The topic of interaction with the wider TF2 community was something that I was very curious about. It soon transpired that most of their players are aware of the NA/EU scenes, and pay particular attention to the ESEA seasons whenever they come around - they even occasionally get some NA invite players pugging with them. They frequently visit TeamFortressTV and read up on competitive TF2, but prefer to lurk in the shadows, and with no real casting organisations or coverage to speak of their exposure is often minimal. I was aware that AsiaFortress had previously received some attention from Australian mix teams trying to prove their superiority, but ever since they repelled the high-ping invaders in the AFC6 Grand Final, the interest has dwindled. Of course it's difficult to integrate the scenes nicely when we have anywhere from 150 to 300 ping on their servers and don't speak any eastern language beyond "nǐ hǎo".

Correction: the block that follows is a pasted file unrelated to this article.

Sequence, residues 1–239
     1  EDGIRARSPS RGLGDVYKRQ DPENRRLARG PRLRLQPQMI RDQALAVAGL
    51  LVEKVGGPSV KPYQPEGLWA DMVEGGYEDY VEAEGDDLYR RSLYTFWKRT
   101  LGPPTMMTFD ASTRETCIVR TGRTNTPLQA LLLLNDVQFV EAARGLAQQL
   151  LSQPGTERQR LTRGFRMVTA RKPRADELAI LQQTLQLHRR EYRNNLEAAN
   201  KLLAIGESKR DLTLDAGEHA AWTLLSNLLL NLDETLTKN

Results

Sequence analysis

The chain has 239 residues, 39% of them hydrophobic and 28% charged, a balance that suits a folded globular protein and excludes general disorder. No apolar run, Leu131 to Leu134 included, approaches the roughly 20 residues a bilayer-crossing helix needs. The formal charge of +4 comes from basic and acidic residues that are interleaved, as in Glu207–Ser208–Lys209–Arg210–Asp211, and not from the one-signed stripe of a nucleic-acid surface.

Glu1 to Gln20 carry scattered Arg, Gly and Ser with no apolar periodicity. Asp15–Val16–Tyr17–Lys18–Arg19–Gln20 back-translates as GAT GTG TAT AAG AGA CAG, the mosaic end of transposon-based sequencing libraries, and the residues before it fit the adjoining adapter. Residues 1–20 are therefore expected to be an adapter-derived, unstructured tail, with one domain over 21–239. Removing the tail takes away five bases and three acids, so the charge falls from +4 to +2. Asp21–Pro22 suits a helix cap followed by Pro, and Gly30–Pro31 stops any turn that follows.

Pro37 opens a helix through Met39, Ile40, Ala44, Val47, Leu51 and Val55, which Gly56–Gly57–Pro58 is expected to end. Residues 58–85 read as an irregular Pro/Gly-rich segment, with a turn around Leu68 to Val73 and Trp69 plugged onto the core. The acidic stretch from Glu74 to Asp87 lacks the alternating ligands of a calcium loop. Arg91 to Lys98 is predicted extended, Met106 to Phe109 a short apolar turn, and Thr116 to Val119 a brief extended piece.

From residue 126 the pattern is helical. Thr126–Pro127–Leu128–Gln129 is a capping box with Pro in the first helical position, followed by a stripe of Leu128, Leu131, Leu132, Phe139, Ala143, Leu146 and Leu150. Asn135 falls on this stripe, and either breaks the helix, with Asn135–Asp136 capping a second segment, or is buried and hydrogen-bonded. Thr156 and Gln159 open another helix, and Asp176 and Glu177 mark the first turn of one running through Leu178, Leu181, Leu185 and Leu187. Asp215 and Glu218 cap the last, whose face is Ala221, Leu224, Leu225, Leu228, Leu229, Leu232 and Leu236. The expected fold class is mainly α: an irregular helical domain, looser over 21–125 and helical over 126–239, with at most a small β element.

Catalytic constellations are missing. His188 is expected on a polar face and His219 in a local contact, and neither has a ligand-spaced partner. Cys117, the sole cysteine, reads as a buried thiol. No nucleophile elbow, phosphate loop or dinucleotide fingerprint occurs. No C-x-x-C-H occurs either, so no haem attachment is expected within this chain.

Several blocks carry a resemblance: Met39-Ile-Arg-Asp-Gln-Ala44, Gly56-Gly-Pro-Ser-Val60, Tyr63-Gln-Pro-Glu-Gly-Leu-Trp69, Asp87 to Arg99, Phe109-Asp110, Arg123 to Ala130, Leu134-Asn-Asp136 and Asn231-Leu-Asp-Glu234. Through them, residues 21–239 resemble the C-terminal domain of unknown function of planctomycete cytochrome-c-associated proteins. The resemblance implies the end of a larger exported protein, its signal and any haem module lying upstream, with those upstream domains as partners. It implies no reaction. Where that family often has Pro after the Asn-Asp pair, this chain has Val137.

The top teams in Asia typically play hyper-aggressively. They can be often found non-uber pushing, bullying their way through choke-points and generally giving their opponents little respect. It's a high-risk, high-reward style of playing the game which is definitely fun to watch. Their rules mirror the EU ruleset, with timelimit 30 and windifference 5 (Golden Caps to decide map winners with winlimit 1 and timelimit 0) and a fairly limited whitelist that is almost identical to ETF2L's. The top four teams all play around their scouts, using them to pocket and get frags, apart from the new Singaporean superteam who have more of a fluid dynamic and a more rounded team. A lot of inspiration seems to have been taken from Froyotech and Mixup/XTS, so if you're an NA fanboy and you want to see some familiar action make sure to catch the Grand Finals this Saturday!
Asia Fortress Cup 8